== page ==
My God My God why have you abandoned me?
Today marks the beginning of Holy Week. It is the week that we enter into the mystery of our faith. And we begin by listening to the drama of the passion of Jesus Christ. And we are reminded that it is a very human drama. It is a drama of scapegoating the innocent. It is a drama of the washing of the hands by the leader who found the mobs call for blood too much, too irresistible. It is a drama that includes the build-up of people being carried along and joining in with the harassment and victimisation of the innocent one. It is a drama that culminates in the crowd yelling at the top of their voices – crucify him! And the innocent victim cries out – My God My God why have you abandoned me? It’s only when he is dead and the crowd is dispersed and silence reigns that the realisation emerges. The earth quakes and a single centurion speaks, “truly this was a Son of God”. What have we done! Who have we killed? What just happened? Palm Sunday reveals to us more about humanity than any other day can do. The drama of the passion shows us just how far human beings can go and how that human drama is confronted with the God of the innocent, the vulnerable and the fragile. While human beings in their power and anger kill one another God is revealed as the one who is on the side of the innocent, the frail, the beaten, the bleeding. The one who feels ‘abandoned’. And Palm Sunday is a call to join that God and stand with and for the innocent, the frail, the beaten and the bleeding. It is a day to check ourselves when we feel the movement of the mob within us, when we are motivated by anger, revenge, the need for blood. Crucify him; get rid of him or her. It is the day when we are called to solidarity with the God of life.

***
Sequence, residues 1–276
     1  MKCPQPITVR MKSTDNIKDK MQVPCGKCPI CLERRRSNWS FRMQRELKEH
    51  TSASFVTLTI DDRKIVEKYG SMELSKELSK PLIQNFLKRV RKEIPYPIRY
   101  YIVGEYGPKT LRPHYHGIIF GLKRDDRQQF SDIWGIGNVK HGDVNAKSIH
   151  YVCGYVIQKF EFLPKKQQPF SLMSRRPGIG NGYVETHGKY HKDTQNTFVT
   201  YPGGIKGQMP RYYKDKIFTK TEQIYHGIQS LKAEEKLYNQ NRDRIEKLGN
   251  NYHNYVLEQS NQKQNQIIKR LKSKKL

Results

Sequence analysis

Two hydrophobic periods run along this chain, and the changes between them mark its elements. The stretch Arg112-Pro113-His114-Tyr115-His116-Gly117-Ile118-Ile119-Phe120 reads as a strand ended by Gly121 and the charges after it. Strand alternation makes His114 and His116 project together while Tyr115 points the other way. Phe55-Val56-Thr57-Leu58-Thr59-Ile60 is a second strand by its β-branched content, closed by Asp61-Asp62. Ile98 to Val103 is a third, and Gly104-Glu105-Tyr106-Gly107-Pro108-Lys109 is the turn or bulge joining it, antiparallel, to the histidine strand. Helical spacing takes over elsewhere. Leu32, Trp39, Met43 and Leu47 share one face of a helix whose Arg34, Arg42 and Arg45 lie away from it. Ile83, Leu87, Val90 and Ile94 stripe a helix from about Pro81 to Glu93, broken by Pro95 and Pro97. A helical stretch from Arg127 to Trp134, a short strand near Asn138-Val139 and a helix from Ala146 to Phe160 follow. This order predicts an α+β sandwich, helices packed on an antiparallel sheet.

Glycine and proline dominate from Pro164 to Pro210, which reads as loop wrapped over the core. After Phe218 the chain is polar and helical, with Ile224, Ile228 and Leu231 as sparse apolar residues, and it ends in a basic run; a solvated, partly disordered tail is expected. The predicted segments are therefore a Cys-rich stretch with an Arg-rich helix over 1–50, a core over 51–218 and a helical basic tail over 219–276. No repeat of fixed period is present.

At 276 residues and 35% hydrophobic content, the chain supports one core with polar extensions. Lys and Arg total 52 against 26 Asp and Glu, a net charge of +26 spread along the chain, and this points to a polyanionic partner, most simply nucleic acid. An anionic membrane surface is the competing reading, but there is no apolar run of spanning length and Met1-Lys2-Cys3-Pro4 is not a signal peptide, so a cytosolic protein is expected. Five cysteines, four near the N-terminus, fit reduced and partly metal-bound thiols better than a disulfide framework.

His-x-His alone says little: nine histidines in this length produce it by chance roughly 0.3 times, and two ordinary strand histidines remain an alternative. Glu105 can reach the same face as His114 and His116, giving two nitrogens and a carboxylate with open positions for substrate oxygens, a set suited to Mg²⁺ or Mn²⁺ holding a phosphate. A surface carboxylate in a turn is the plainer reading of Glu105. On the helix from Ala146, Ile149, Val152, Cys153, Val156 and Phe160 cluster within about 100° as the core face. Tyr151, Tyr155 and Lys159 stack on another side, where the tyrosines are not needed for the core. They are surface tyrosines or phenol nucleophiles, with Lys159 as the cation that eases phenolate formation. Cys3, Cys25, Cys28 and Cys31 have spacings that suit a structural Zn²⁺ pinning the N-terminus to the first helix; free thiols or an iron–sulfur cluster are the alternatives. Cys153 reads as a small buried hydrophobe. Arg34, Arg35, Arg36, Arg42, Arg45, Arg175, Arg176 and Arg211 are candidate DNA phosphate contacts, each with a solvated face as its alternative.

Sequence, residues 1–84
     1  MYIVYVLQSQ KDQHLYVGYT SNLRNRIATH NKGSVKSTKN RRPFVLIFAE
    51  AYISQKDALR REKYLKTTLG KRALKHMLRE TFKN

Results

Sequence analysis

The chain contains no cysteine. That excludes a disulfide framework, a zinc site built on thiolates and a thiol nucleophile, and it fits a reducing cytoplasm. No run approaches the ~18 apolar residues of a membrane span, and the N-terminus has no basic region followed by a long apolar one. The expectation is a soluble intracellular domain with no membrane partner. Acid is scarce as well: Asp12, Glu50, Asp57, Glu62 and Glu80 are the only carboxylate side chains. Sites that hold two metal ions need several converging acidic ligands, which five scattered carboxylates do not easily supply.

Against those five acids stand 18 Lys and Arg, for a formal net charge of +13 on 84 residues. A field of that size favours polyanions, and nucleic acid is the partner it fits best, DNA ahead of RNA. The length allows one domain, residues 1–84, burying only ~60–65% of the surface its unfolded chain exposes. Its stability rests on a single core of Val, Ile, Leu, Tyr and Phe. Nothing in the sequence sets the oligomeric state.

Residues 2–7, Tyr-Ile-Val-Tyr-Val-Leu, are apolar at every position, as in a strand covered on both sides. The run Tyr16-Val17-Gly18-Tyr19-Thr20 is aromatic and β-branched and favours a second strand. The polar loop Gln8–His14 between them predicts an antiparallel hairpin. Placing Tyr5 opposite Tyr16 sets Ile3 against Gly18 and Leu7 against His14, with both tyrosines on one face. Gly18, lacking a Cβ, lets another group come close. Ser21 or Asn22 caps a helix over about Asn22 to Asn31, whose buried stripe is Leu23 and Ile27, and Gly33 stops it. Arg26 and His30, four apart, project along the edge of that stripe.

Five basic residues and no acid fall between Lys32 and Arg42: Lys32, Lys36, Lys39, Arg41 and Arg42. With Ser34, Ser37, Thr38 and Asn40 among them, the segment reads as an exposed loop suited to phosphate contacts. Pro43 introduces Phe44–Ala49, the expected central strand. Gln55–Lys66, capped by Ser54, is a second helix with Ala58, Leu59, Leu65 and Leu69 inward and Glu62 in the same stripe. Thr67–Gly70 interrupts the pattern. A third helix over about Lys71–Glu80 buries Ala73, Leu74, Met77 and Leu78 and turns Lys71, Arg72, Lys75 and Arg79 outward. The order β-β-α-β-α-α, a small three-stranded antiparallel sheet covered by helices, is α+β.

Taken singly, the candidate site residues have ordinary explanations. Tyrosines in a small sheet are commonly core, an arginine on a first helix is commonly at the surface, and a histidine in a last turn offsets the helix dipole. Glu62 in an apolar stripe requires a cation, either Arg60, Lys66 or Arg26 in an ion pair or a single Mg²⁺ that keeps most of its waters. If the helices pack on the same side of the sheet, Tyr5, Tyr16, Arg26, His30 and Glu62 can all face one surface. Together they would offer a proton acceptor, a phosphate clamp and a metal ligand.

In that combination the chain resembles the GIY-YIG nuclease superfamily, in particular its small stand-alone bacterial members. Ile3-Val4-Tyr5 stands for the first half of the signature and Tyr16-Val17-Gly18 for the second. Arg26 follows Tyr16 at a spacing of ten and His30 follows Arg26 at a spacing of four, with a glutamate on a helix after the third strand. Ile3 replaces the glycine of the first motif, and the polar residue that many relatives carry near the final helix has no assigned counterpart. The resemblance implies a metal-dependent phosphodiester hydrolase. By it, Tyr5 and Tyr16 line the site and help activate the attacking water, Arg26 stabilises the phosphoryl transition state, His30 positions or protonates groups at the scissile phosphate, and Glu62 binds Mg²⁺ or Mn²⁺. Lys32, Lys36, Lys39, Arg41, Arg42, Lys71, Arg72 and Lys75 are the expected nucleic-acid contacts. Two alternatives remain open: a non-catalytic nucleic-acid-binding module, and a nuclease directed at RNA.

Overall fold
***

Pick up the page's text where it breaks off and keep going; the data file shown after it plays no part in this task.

This year we celebrate Palms Sunday in the midst of a global pandemic which is sweeping across the world without discrimination. It makes us all feel vulnerable, fragile, insecure, frightened. We too can feel like crying out ‘My God, My God why have you abandoned me?” Yet, Palm Sunday and reflection on the passion of Christ would call us to other places. Today we stand in solidarity with all those who have been infected with the COVID-19 virus, those who have died; those who have are making sacrifices in the medical profession; those who have lost jobs, income, security. It is a time to stand together and work together not to seek to blame, to yell, to crucify.
It’s time to tune into those who are vulnerable and live in the shadow of death year by year – the 200,000 children under 5 who die from Malaria; the hundreds of thousands of young women who die from AIDS year by year; the growing health and death related illnesses associated with the displacement of peoples; the elderly who die lonely and afraid. These examples can awaken us to our shared humanity and when tuned in to them can lead human beings to do incredible things, to help one another, to support one another, to overcome the odds, to turn fear and death into peace and resurrection. That is the Christian claim and hope.
Traditionally many people join in peace Marches on Palm Sunday in order to combat violence and raise awareness of those who suffer and are forgotten in our world. This year that march has moved online – you can find it and join in this years Palm Sunday peace rally.
So as we enter this holy week let us pray for one another and the human family. As we practice physical distancing to slow the COVID-19 pandemic, let us also practice social connection and stand in solidarity with the human family for whom Christ, the innocent victim, came to bring life.